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Thread: security info left in cache file

  1. #1
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    security info left in cache file


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    Default security info left in cache file

    OK, a bit of a long story, I got up one morning and found 150 credit card transactions for $0.10 and $0.12 so I went to my credit card processor (authorize.net) and found 1300+ attempts, most of them denied, but 152 of them still in the authorize hold. I called Authorize.net, and they had me turn on velocity filtering, a minimum transaction amount, and change my transaction key.

    I'm REALLY sure this was NOT done through the store software, as it would have run up a large number of GET and POST requests on the web server, and I did not see that.
    So, somehow, somebody must have gotten my merchant account # or my API credentials on Authorize.net

    I have a daily program that checks for any updated files on the system.
    It found, when I changed my transaction key in osCmax, that a new file was generated:
    ~/osc2.5/catalog/cache/cachefile.inc.php

    this file has cleartext of all my Authorize.net API credentials and my Fedex API credentials! It also has at least a portion of my USPS and PayPal credentials.
    It seems a bit of a bug to have all this info in a persistent file under the catalog tree. Now, I have a .htaccess file that keeps this whole directory /catalog/cache
    non-readable from the web server, but this still seems like a dangerous thing to leave around. Is there any reason this file is even created? Why is it in the catalog tree instead of the renamed "admin" section? Shouldn't this file at least be deleted after the update is performed into the database? This is an osCmax 2.5 RC1 system.

    Thanks,

    Jon

  2. #2
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    security info left in cache file

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    Default Re: security info left in cache file

    The reason for its' existence is to dramatically reduce lookups on the database, for configuration items. Personally, I haven't delved into the code, nor the cache file contents.
    Your observations do seem to be a bit alarming though.

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  3. #3
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    security info left in cache file


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    Default Re: security info left in cache file

    I have set up my system so that the admin directory tree cannot be accessed at all from outside the local network, with the directory settings in the web server configuration.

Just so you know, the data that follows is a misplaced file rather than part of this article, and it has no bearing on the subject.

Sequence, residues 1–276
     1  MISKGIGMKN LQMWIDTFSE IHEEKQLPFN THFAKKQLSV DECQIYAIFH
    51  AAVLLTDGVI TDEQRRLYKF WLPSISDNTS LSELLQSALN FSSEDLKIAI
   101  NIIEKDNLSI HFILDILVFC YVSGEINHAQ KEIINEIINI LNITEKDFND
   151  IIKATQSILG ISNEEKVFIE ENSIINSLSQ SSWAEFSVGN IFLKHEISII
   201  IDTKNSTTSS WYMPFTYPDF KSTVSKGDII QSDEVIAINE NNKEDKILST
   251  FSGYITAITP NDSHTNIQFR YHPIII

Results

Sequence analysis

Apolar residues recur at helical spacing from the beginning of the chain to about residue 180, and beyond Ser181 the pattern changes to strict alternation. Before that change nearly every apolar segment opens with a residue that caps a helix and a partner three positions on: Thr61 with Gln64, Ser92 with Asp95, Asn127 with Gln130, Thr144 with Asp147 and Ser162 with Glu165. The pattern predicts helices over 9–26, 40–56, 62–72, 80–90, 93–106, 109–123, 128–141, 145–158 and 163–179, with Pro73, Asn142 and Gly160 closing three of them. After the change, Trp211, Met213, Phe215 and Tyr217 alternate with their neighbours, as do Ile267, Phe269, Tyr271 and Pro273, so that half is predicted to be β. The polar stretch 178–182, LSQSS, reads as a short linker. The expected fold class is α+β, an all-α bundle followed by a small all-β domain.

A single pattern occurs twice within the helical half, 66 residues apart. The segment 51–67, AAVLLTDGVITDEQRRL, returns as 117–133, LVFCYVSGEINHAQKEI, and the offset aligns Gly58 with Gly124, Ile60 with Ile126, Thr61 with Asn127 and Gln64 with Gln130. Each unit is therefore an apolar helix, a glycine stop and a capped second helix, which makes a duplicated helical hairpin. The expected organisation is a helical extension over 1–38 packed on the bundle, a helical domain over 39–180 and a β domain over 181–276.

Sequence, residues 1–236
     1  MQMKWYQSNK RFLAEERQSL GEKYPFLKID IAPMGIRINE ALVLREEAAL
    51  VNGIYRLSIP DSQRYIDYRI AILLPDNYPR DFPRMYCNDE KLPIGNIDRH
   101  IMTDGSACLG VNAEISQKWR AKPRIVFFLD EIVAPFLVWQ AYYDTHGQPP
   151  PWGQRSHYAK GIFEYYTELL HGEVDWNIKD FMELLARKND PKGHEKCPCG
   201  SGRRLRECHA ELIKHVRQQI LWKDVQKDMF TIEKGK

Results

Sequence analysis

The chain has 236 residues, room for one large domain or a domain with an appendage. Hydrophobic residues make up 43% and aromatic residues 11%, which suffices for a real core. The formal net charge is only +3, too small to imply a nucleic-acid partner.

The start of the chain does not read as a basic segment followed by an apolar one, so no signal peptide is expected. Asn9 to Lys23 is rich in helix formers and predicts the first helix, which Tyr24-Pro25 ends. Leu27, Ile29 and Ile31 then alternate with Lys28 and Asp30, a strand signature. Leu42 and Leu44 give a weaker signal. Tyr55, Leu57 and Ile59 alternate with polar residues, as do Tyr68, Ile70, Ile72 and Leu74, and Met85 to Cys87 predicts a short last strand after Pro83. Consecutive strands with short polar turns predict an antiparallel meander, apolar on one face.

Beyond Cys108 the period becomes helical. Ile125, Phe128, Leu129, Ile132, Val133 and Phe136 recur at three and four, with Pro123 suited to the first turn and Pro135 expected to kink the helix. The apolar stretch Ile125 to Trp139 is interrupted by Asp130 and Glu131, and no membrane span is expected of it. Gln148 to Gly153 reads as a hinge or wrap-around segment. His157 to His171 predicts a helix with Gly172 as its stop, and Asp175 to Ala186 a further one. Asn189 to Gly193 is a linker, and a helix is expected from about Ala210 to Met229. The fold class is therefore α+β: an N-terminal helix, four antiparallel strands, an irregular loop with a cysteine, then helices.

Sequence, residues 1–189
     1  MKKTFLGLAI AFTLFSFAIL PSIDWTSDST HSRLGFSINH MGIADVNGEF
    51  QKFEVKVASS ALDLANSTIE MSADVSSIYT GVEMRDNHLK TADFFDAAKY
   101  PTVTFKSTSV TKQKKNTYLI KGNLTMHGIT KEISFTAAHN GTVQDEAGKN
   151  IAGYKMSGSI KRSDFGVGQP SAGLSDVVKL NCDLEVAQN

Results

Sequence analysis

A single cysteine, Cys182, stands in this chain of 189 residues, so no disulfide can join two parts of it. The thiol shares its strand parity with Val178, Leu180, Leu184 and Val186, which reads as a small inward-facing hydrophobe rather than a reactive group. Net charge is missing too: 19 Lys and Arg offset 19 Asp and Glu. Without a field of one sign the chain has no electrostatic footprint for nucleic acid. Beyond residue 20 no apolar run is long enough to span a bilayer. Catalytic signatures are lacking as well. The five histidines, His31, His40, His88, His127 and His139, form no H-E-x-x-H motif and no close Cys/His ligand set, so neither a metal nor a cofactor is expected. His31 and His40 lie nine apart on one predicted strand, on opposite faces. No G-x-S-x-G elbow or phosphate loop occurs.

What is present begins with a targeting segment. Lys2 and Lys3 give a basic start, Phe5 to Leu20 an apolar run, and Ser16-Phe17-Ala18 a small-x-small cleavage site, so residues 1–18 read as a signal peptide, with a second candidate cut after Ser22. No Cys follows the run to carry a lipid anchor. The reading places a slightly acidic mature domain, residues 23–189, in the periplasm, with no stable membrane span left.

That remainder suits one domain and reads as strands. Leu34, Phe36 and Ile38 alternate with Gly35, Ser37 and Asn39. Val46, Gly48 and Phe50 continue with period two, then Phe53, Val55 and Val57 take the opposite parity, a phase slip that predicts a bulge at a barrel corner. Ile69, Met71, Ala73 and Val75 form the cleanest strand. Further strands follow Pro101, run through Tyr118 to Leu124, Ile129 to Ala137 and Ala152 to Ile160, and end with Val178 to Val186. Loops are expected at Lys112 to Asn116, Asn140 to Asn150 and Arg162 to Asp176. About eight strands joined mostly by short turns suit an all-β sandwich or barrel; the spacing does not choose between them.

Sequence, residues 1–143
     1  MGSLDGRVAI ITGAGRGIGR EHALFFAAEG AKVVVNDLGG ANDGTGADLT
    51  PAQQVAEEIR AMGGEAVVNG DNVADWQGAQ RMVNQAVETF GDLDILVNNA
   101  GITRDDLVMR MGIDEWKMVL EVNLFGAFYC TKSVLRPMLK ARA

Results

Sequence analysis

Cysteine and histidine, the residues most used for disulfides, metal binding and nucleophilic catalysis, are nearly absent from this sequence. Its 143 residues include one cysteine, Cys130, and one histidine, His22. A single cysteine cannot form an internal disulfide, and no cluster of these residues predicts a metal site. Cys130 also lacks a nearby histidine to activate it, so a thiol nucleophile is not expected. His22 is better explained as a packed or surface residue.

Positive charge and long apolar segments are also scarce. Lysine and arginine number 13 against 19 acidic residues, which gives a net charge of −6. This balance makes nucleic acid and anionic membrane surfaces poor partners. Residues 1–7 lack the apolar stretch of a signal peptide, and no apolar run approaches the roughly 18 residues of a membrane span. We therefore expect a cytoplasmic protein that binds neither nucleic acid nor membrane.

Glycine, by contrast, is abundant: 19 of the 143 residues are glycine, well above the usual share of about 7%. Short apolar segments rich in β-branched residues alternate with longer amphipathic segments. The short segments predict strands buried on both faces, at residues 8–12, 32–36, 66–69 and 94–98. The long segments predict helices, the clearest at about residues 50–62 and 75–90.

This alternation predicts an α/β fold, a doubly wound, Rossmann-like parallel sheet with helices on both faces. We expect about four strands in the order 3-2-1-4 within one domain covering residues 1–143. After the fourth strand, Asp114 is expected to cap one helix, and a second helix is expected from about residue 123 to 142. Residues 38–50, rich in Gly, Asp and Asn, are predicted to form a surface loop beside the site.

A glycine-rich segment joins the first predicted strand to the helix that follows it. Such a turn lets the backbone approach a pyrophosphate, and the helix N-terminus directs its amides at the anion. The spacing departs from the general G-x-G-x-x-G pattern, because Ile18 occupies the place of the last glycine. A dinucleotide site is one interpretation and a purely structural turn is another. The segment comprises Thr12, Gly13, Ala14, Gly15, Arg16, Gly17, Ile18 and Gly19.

So, having such a file in the admin tree would be less worrying. Since it is a php file and in the catalog tree, it seems like hackers would be able to execute this file and maybe obtain info like API credentials from it. (I'm not much of a php hacker, so I really don't even know how to test this.)

    Thanks,

    Jon

  4. #4
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    security info left in cache file

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    Arrow Re: security info left in cache file

    In a properly setup webserver, the supplied as standard .htaccess file should offer protection.
    Code:
    <FilesMatch "\.(ser|php|cache|htaccess)$">
    Order Allow,Deny
    Deny from all
    </FilesMatch>
    Resulting in a 403 Forbidden page.


    (I got a forum notification, for the 1st time in years! )

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  5. #5
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    security info left in cache file


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    Default Re: security info left in cache file

    Right, I have this, but it allows outsiders to access the admin login page. I don't want them to even be able to see any part of the admin section, so I have the web server set up to not allow any part of the admin directory tree to be accessed outside my local net. When traveling, I have to set up a tunnel so I appear to be coming from inside to access the admin section.

    Thanks,

    Jon

  6. #6
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    security info left in cache file

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    Default Re: security info left in cache file

    I usually secure the admin directory with the simple .htaccess password method.

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